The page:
Cardillo feels that “the social, economic and moral cost of the war on drugs is almost unimaginable and certainly unforgivable,” to which I would pose the following question: What are the social, economic and moral consequences of losing that war?

William A. Wittik

Hartford

Congrats, Norwich Farmers Market

On behalf our members, staff and board, we congratulate all the farmers, vendors and volunteers who have made the Norwich Farmers Market an extraordinary success these past 40 years. From its opening in 1977 to this day, it remains cherished as a vibrant resource of food, craft, flowers and music. As noted by Nicola Smith in her article (“40 Years of Steady Growth: Norwich Farmers Market Digs In at Route 5 Site,” May 10), “The Norwich Farmers Market has offered a model for farmers markets that followed it.”

The founding of the Norwich Farmers Market — like so many locally owned ventures — came about through the hard work of people offering quality products at fair prices to their neighbors. We are grateful for the day when a few local farmers brought their idea for an outdoor market to our Co-op board of directors. Providing a parcel of land at a fair price was the natural way to cooperate.

Customers were quickly drawn to the ideals of knowing your farmer, valuing local economic impact and sharing conversation at a local outdoor market on a Saturday morning — principles nearly forgotten in the 1970s, but soon revived by farmers and food producers around our region and beyond.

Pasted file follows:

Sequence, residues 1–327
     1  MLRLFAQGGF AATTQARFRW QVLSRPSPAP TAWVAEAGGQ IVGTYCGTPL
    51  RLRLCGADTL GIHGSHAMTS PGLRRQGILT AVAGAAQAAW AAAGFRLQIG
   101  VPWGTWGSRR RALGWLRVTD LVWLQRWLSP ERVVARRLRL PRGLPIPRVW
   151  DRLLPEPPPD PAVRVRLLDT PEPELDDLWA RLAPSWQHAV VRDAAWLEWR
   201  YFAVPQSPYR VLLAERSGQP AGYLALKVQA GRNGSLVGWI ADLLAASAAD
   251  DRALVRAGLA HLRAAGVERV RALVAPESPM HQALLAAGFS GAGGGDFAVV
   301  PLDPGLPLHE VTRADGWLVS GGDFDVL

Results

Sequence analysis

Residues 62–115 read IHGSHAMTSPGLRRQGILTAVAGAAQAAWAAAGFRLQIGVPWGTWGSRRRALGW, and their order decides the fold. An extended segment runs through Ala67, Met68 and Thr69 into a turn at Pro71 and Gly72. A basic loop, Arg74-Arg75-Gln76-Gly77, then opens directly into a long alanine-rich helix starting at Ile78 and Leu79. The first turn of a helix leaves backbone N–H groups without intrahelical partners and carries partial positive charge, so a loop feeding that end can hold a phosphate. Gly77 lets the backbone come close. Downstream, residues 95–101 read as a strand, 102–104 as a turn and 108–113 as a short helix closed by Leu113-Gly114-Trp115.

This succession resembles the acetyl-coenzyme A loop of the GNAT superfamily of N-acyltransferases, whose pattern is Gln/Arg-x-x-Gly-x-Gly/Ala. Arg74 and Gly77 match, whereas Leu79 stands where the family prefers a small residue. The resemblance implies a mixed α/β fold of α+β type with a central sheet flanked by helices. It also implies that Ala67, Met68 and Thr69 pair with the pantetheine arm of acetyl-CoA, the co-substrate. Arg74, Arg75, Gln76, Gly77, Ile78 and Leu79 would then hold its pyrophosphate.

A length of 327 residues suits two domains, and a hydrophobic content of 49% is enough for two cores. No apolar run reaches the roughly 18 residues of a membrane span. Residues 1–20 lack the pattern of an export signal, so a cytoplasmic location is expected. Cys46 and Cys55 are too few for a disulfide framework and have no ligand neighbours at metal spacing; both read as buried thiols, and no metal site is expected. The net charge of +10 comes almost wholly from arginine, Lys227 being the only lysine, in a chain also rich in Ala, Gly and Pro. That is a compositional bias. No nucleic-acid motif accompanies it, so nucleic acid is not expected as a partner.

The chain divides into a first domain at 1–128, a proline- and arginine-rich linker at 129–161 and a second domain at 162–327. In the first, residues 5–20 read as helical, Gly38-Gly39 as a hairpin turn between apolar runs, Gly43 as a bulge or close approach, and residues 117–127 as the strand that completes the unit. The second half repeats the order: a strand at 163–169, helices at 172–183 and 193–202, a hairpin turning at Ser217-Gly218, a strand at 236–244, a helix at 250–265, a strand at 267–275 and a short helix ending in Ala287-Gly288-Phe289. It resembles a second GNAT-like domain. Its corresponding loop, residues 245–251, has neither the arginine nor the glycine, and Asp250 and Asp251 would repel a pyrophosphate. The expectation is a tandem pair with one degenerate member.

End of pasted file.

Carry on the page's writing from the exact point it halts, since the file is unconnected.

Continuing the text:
So, we commend the work of the founders and of the countless individuals who have made the Norwich Farmers Market a great success. You have helped to spread the farm-to-plate movement throughout our region and nourished our families along the way.

Anthony Roisman, Board Chair

Edward Fox, General Manager

Hanover Consumer Cooperative Society

Will the Truth Get Out?

Would Nixon ever have been forced out of office if all the proprieties of the classified world been observed? It is reassuring to think so, but I am not so sure. So where is Deep Throat, now that we need him, 40-some years later?

It is deeply disturbing to see some of the best-informed political people in the land reduced to silence on the subjects of whether or how the Russians interfered in our 2016 election, officials lamely admitting that they might be revealing classified information if they told the citizenry what they know. Surely keeping secrets is desirable in many, many circumstances. But is the concealment of anything that the government has pronounced “classified” the highest and most paramount principle anybody can think of in this season?

Just asking.

David Montgomery

Hanover

Democrats’ Double Standard

The Democrats seem to have forgotten that the badly misnamed Affordable Care Act was passed by means of parliamentary shenanigans, in admitted ignorance of both its contents and their consequences, and against the wishes of a majority of the public (as well as the blatant lies told to sell it). They’re holding the Republicans to a much higher standard in their ineffectual attempts to repeal and replace the act than were ever adhered to in its passage.

I suppose it’s only natural that the Democrats should guard the double standard so jealously ... after all, it’s where they live.

Anthony Stimson

Lebanon